An Architect's View

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An Architect's View

Real World Clojure - i18n resources

October 31, 2011 ·

With a name like World Singles, you won't be surprised to know that our dating platform supports several different languages so our (non-Clojure) code is littered with calls like i18n.getResource( keyText, user.getPreferredLocale() ) and i18n.formatRBString( translation, [ arg1, arg2, arg3 ]). The former returns the localized translation for the keyText and the latter replaces substitution patterns like {1}, {2}, {3} with the matching argument from the supplied list.

We actually manage the translations in a database table and have a permission-based admin tool that allows translators to see the English text and work on their assigned locale translations. The admin tool also allows us to compare between the data entry system and the translations on production, and select which changes to push live. Other than the persistence layer which has moved to Clojure, the rest of this admin code will likely stay as-is for a while so I'm not going to cover it in this series. The calls shown above that our non-Clojure code makes is the API we needed to reproduce in Clojure.

Since we want to cache the translations for performance but also be able to reload them (after changes have been pushed to production), we use an atom for the in-memory translations so we can (re-)load the translations at will:

(def ^:private i18n-resources (atom nil))

(defn load-resources []
  (reset! i18n-resources
          (crud/execute (comp doall to-locale-map)
                        "select * from i18n order by locale, `key`")))

crud/execute was covered in the previous post in this series. to-locale-map takes the sequence of {:locale l :key k :translation t} rows from the query and reorganize it as a map keyed by locale whose values are maps keyed by the i18n key whose values are translations. That means we can retrieve a translation like this:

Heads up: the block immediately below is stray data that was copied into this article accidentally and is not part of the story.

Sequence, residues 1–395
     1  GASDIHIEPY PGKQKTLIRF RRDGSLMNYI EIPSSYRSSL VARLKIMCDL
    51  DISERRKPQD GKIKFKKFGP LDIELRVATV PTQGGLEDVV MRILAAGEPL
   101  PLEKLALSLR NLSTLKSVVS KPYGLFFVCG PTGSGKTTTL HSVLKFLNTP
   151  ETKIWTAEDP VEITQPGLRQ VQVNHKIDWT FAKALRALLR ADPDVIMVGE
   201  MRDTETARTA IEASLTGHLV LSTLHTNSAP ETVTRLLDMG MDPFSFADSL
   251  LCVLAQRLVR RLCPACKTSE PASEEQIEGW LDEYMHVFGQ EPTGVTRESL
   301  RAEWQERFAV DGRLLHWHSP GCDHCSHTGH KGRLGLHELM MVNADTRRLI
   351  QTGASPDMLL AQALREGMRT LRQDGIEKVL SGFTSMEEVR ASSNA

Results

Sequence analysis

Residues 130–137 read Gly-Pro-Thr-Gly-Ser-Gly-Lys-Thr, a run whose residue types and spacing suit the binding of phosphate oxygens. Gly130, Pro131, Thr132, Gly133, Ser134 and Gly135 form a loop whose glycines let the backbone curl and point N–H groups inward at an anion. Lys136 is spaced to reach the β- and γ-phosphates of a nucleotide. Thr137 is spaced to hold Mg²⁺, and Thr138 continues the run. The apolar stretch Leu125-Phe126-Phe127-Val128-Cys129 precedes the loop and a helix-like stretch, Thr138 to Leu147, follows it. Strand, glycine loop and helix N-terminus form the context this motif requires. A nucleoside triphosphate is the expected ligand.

(defn get-resource [i18n-key locale]
  (or (get-in @@i18n-map [locale i18n-key])
      (get-in @@i18n-map ["en_US" i18n-key])
      (str "**" i18n-key "**")))

We lookup the key in the requested locale first, then fallback to English, but if the key is unknown we return the **key** string so we can easily spot missing translations in the UI. In our actual code we also support a debugging mode where we annotate results with HTML so we can provide our translators with tooltips on any translated text in our dating platform's UI and direct links to edit those translations.

So what's with the double-@@? As noted above, the translations are cached in an atom so the dereference accounts for one of those @s. Since we want to defer loading the resources until first use but ensure they are actually loaded, we use our delayed execution trick:

(def ^:private i18n-map
  (delay (do (load-resources) i18n-resources)))

By dereferencing the resources thru this variable, we ensure they are loaded once, on first use, but we get back the atom rather than its value so that if we reload the resources, we'll get the updated values. Think of it as (deref (deref i18n-map)) which evaluates to (deref i18n-resources) which evaluates to the current version of the resources in memory.

When we implemented format-string in Clojure, we took advantage of Clojure's flexible argument handling to support both of these calls:

(format-string translation [arg1 arg2 arg3])
(format-string translation arg1 arg2 arg3)

since sometimes we'll have a sequence of substitution values and this saves us writing the following in our own code:

(apply format-string translation [arg1 arg2 arg3])

I'll leave the implementation of format-string as an exercise for the reader. Needless to say, the Clojure version of our i18n code is much more concise than the original non-Clojure version!

Tags: clojure

2 responses

  • 1 Kai Tischler // Nov 3, 2011 at 4:29 AM

    Hello Sean !

    I got the impression that You are a staunch advocate of Clojure these days: Clojure seems to be the programming language "du jour"; or "d'eternite" ?

    Never mind: With a little bit of an Emacs Lisp background, the Clojure Syntax does not look too strange to me ...

    As you can probably remember: I was a long-time fellow of Isaac "Ike" Dealey's onTap/DataFaucet couple ! And g11n/i18n/l10n has played an important role right from the beginning ! But if I'm not in error: Using onTap as well as ColdBox, the code will be littered with those statements You mention at the beginning of Your blog entry. So I am naturally interested in Your new, Clojure-based g11n/i18n/l10n solution !

    Currently I am using CFML as well as Java; but still open for other programming languages like Scala, Groovy, Clojure !

    I guess You recommend to add Clojure into the mix ! And may it only be for the sake of its newly discovered g11n/i18n/l10n goodness !

    Very grateful I would be for pointers how to marry CFML, Java and Clojure !

    Cheers and Tschüss

  • 2 Sean Corfield // Nov 4, 2011 at 4:52 PM

    @Kai, my cfmljure project (on github) is how I'm marrying CFML and Clojure right now.